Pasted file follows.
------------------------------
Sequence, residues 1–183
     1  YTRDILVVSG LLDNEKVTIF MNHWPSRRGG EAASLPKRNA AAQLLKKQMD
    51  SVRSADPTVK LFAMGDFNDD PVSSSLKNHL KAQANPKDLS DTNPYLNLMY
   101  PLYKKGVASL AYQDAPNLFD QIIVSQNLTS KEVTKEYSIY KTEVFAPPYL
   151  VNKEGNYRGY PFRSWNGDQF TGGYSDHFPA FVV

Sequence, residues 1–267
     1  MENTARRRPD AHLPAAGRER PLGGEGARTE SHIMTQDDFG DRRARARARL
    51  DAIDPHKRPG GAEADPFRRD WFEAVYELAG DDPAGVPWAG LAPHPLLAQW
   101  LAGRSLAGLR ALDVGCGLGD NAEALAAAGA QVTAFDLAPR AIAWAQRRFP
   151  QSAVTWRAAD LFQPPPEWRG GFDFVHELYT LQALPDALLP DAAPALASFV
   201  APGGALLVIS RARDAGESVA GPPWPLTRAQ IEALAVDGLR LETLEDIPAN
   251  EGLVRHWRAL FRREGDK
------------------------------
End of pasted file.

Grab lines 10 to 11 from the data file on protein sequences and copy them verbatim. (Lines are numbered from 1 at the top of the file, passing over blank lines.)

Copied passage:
   151  QSAVTWRAAD LFQPPPEWRG GFDFVHELYT LQALPDALLP DAAPALASFV
   201  APGGALLVIS RARDAGESVA GPPWPLTRAQ IEALAVDGLR LETLEDIPAN